"The reason I think that's important is because the graphics are exactly how a hundred percent of content is being created right now," Callison said. "You talk to someone who does layout for the United States Department of Agriculture (USDA) and they're somewhere, right now, creating this new graphic that's supposedly going to work great. But this is an emotionally charged issue. You can see it in people's faces.
"So what you need in this type of messaging is to have people who were living it as part of your messaging. It's a personal topic, on a personal level. This data has shown that as well."
Experience vs. ideology
Because the surveys of individuals and their water conservation views were anonymous, Callison said they felt they would get a good cross section of people on both sides of the issue.
But coming out of the survey, it was obvious that experience with water scarcity seemed to take precedence.
"Ideology and experience are both important, but the one I think that I'm more interested in right now is experience because it seems that experience may be able to override politics," Callison said. "Political ideology is the most pressing individual trait absent of scarcity experience, but when scarcity experience kicks in then it becomes a driver. It's a little bit difficult to untangle them, but to me that's the one that's most interesting right now."
And experience can work both ways. It's difficult to tell someone who lives in a rainforest that water is a scarce commodity. Callison even related a story from a meeting with a water district manager in Honolulu, Hawaii, who said he is dealing with water scarcity issues on the island because, even though it rains frequently, the water quickly runs through the porous rock of the island and into the ocean, and there's no way to effectively capture that rainwater before it seeps through.
On the other hand, in a semi-arid region like West Texas, water scarcity is a real issue and has been for quite some time. So belief in the issue is more likely here because of the experience factor. The question remains, however, as to how to effectively craft the messaging to encourage water conservation.
"We found that if you're talking about things that people should do about water concerns, what we call immediate water concerns, then you have to frame that in a very positive type of discussion," Callison said. "You can't do it fear-based. If you tell people, 'if you don't conserve water today, we're all going to die tomorrow,' that doesn't work. But for future messages, you can say, 'Look, we've got plenty of water right now, but in 20 years, water is going to be a real issue.' The most effective type of strategy when you talk about future water resources is a fear tactic. So the current water message should always be talked about in terms of positive attributes."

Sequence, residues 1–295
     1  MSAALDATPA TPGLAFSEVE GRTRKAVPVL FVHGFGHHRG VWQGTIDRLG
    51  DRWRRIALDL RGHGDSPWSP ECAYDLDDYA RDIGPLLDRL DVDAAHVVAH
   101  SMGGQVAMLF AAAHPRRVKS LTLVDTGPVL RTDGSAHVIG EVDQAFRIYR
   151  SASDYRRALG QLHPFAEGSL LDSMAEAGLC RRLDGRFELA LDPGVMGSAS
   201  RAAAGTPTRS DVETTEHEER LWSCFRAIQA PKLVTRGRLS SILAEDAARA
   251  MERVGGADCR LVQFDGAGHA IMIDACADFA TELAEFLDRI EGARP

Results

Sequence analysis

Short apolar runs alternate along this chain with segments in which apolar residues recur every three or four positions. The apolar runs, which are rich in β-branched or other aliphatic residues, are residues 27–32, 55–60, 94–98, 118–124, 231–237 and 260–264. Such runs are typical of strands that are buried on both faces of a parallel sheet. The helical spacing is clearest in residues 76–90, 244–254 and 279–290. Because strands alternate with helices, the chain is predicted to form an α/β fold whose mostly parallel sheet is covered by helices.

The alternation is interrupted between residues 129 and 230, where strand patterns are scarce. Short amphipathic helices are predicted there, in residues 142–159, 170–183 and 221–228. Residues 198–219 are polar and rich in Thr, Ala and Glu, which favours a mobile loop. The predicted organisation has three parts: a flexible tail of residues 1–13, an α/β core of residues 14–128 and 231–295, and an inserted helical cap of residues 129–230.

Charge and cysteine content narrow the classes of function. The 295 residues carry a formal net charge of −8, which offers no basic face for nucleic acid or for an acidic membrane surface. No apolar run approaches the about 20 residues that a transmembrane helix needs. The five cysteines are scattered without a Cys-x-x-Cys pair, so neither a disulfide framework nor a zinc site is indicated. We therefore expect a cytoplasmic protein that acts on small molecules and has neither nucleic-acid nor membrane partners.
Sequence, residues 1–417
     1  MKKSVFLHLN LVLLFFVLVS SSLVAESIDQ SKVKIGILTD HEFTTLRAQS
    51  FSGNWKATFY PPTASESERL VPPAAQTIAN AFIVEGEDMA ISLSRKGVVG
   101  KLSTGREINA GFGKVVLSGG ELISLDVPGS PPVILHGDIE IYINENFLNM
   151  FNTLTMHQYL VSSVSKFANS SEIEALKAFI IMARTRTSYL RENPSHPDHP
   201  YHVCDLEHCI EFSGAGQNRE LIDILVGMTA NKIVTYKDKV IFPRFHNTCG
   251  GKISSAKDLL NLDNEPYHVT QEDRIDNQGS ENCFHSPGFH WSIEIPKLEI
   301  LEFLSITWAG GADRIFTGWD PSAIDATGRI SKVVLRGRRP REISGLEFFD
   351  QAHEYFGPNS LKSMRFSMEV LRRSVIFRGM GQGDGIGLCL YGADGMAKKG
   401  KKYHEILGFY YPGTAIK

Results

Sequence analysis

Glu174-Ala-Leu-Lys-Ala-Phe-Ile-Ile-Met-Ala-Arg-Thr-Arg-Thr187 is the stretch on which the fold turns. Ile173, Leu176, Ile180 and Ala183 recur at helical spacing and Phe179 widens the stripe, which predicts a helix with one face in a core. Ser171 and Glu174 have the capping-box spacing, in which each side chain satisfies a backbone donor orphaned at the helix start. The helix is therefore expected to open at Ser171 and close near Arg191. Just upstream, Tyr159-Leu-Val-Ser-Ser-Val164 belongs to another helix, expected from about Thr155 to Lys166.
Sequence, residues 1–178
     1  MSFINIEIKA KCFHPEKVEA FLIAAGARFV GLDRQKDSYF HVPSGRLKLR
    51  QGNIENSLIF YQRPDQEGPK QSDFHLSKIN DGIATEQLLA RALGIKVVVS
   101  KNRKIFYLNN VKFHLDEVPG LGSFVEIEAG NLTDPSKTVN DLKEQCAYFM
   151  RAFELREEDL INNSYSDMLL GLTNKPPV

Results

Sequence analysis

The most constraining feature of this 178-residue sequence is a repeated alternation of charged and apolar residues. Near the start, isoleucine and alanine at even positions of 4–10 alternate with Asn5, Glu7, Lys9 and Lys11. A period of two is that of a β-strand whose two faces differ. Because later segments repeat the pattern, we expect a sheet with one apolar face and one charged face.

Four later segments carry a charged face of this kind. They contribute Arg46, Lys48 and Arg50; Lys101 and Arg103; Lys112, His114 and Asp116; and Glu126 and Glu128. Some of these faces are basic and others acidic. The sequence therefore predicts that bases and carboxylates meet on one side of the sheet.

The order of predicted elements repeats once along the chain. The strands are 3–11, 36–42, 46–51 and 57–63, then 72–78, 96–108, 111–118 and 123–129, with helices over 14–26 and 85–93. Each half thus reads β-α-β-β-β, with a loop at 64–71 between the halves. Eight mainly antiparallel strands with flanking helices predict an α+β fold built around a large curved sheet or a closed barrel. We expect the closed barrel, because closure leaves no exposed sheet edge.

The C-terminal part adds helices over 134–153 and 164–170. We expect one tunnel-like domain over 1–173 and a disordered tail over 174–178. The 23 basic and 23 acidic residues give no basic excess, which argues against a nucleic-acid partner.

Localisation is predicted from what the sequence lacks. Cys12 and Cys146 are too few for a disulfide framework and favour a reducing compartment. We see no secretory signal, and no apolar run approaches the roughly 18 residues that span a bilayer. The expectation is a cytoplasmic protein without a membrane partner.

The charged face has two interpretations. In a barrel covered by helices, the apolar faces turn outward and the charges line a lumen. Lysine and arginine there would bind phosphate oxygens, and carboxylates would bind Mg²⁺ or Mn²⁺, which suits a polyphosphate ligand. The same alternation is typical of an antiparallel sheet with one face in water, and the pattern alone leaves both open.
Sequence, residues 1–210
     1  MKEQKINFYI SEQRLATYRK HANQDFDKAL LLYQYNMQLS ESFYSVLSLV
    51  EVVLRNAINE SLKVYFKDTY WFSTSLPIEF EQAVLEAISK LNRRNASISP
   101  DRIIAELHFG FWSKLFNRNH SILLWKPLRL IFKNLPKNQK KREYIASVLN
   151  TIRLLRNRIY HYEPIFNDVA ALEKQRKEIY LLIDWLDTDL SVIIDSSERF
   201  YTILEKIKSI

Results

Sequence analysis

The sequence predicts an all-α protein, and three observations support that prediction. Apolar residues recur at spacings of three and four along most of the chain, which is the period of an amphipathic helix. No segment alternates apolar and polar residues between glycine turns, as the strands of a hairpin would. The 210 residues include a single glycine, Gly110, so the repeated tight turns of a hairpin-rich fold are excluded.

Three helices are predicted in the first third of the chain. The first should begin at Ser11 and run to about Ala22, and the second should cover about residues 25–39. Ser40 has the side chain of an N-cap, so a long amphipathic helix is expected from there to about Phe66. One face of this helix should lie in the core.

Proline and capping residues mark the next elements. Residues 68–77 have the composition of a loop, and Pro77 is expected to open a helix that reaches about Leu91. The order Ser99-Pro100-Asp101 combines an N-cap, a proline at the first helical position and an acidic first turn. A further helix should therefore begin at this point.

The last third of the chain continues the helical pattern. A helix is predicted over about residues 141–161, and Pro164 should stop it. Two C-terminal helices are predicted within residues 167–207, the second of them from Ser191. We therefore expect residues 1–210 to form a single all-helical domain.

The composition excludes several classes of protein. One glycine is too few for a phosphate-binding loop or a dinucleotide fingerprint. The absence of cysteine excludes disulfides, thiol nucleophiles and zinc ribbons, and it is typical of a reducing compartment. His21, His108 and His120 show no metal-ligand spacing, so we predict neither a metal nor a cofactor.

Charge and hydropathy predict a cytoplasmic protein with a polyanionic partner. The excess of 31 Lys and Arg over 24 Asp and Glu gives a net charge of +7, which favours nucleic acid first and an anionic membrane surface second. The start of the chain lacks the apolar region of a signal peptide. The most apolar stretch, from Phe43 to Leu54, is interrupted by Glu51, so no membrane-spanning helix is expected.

Callison said the difficulty comes in that those two types of approaches can tangle up how the message is produced and delivered. That's where the next step in the research comes in.
Future of water messaging
At the moment, he is looking at agricultural practices on the South Plains and what type of messaging might be most effective in promoting water conservation. The next step will then be to create that messaging and have it distributed and tested to determine its effectiveness.
From there, Callison also would like to delve into residential water conservation messaging.
"How do you convince non-agricultural water users, municipal water users,
whether that's homeowner residential users or that's local businesses, what kind of tactics and messaging do you use to influence them?" Callison said. "We have some evidence here that economic frames and heritage frames work with farmers. What kind of frames work with a local homeowner?"
Callison said referents could drive the frame that works with residential users – who is the most important reference in your life that you want to try to please by being conservative with water, whether it's a spouse, parent, child, or whomever. There's also the difficulty of convincing those who still do not believe in the science or data that shows water is scarce. What should that message be?
"If people out there are skeptical of water science, then what do I have to do to engage in a meaningful conversation about water scarcity? Callison asked. "You can't just dismiss it. We know there's a significant portion of population who feel this way. What message is most effective to getting them on the side of turning the water off when they brush their teeth, or whatever that may be?"
Originally published March 29, 2019 Texas Tech Today